THE FORMATION OF CRYSTALS

In the writings of Froëbel, the German mineralogist and educator, there are some interesting passages on the formation of crystals. He says, "The world of crystals proclaimed to me in distinct and unequivocal terms the laws of human life."

"What the spiritual eye sees inwardly in the world of thought and mind, it sees outwardly in the world of crystals."

"Man in his external manifestation, like the crystal, bearing within himself the living unity, shows at first more one-sidedness, individuality, and incompleteness, and only at a later period rises to all-sidedness, harmony, and completeness."

Having thus perceived intuitionally the inner meaning of development as seen in crystals, he describes in detail the action of force in its tendency "to represent each thing in unity, individuality, and diversity; to generalize the most particular and to represent the most general in the most particular; and lastly, to make the internal external, the external internal, and to represent both in harmony and union." He speaks especially of "the tendency of force to derive the line and the plane from the point, to represent the point as a line and as a plane, the line as a point and as a plane,to contract the line into a point and expand it into a plane," etc. These processes are illustrated in the formation of the different crystal forms. The inner nature of the force is always spherical, and the crystal having passed through various stages tends to return to the spherical form.

"The force at last reaches so high a degree of tension of inner and outer opposition that even the external results show that the tendency to relieve this antithesis has become the chief tendency of the force."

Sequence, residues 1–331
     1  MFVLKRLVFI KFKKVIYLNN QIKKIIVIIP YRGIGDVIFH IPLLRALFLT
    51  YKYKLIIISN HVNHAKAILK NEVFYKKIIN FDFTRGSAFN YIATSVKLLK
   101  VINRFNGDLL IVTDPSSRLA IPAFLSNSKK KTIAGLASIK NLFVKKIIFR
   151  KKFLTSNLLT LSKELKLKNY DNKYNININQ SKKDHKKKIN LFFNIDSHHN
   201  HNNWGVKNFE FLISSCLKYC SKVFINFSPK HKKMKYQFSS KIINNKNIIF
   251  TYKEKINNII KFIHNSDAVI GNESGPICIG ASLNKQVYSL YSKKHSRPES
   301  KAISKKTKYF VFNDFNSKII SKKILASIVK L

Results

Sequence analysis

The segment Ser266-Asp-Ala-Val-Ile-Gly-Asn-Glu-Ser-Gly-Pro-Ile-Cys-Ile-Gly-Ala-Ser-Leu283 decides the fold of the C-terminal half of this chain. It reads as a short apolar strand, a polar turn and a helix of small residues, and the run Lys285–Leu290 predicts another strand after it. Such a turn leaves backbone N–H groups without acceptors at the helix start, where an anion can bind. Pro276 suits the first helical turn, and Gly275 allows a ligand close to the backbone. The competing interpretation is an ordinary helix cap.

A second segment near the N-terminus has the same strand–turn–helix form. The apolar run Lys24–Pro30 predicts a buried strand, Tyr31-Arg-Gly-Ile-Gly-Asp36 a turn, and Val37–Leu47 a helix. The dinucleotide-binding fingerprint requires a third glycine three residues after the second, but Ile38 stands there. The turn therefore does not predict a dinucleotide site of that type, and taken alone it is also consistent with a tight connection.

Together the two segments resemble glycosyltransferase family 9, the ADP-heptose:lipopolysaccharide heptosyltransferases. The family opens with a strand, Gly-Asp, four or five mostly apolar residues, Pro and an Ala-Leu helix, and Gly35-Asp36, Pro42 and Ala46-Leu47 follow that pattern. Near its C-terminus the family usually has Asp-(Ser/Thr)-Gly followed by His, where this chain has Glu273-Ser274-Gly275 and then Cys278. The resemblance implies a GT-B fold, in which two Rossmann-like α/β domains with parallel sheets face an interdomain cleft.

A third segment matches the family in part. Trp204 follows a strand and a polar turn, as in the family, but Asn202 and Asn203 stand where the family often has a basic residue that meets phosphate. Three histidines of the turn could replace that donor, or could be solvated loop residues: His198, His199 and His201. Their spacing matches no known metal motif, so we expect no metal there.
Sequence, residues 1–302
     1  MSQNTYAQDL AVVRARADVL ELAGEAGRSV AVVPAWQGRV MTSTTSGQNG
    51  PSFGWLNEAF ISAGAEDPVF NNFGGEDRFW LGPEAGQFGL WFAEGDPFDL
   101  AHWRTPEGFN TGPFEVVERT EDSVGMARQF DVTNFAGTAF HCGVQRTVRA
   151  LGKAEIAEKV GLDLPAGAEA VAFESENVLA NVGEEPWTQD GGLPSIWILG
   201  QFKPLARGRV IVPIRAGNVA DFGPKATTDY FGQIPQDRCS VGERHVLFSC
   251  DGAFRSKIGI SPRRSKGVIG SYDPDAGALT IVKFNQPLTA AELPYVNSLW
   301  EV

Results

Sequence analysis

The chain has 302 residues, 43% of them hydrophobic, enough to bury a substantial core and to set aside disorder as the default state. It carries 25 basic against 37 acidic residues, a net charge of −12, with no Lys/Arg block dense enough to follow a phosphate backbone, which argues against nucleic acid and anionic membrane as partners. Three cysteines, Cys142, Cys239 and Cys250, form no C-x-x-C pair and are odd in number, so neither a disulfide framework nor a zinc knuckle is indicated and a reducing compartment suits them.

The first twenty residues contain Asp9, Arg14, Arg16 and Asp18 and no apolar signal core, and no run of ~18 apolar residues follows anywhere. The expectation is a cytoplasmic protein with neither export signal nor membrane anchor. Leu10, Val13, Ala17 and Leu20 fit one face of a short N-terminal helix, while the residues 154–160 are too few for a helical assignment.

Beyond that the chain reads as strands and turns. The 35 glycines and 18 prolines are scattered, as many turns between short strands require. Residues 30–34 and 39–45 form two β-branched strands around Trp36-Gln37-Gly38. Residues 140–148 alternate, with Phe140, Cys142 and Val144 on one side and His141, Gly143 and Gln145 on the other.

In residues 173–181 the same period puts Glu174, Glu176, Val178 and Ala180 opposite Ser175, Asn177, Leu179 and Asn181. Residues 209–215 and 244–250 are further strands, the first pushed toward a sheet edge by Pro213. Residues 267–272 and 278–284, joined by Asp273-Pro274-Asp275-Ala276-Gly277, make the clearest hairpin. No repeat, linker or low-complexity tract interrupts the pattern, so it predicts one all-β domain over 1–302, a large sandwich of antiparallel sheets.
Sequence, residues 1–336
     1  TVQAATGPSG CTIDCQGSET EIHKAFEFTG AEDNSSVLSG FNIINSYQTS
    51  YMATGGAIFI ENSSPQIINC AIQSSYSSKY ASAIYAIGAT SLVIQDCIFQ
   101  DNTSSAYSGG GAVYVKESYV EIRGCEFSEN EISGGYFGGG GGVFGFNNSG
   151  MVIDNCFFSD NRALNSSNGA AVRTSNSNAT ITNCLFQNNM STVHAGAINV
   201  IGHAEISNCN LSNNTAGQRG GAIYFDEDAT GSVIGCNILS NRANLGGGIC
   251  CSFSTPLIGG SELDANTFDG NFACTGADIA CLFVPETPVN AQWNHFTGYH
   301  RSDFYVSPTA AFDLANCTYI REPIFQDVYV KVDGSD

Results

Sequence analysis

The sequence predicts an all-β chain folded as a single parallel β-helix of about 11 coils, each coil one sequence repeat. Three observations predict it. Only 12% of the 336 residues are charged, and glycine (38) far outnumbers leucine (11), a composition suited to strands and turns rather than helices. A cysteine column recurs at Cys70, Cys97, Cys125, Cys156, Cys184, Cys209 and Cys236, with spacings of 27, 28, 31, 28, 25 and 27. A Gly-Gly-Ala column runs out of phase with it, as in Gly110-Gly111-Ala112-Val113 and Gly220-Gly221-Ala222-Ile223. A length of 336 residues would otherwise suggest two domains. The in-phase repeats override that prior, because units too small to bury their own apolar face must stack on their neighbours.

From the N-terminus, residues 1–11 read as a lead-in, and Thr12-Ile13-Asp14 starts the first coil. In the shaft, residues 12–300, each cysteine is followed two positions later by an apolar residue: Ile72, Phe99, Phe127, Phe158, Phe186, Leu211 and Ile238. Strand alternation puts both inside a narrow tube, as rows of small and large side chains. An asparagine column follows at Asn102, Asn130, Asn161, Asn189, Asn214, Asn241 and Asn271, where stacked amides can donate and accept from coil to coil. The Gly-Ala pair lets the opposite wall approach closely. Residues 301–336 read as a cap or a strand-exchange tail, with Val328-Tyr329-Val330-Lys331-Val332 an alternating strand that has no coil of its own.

This is the story of evolution and involution given in a few words, and is even more significant for us with our wider knowledge than it was for Froëbel himself. Yet he says that to him the crystals were "a mirror of the development and history of mankind." Much more are they so for the student of evolution.

He describes the development of the cube form according to the law of necessity. The force proceeds from a centre, and there is always at that centre a set of three bilateral directions perpendicular to one another.

"The result of the predominance of these three bilateral perpendicular directions must be a crystal limited by straight lines and planes, revealing in every part the inner nature and action of the force."

The cube is the only form which fulfills these conditions. For "each of the eight corners shows the perpendicularity of the three bilateral directions at the centre, and thus indicates externally the centre of the cube. Similarly, the three sets of four parallel edges show each of the inner directions fourfold. The six faces mark in their centres the six terminal points of the three bilateral directions, and thus determine the invisible centre of the cube."

He then explains the development of other regular forms from the cube - the tetrahedron and octahedron, by the tendency of the corners to become planes, the faces to become points, etc., and thus traces the inner meaning of the development of form. Following his line of thought carefully, one is not surprised that he saw so clearly the analogy between human development and the development of crystals, and that he saw in crystallography "the possibility of direct proof of the inner connection of all things."

SARAH CORBETT, F.T.S.


EDITOR'S NOTE - The foregoing short article is highly suggestive, and a study of the laws governing formation of crystals would be very instructive for Theosophists. The whole scheme of evolution on the planet had to be gone through in the mineral kingdom before the materials could be gotten ready for animal and present human bodies. These laws therefore are at the bottom of our mental and physical acts, inclusive of occult phenomena of every sort. Next after this are chemical laws, which must be understood as well as the first before the student can do anything practical in occultism. And when students study these and comprehend their complexity and vast range, it will be seen how foolish it is to wish to be Adepts when we are only children, and how much better it would be for the world if Theosophists hungered to seek and to save the world from its sorrow, rather than to be ever wishing to see wonders in nature and to do what only scientific training for lives can enable us to do. Disciples are many, but earnest, devoted, self-sacrificing disciples are few.

Path, February, 1893


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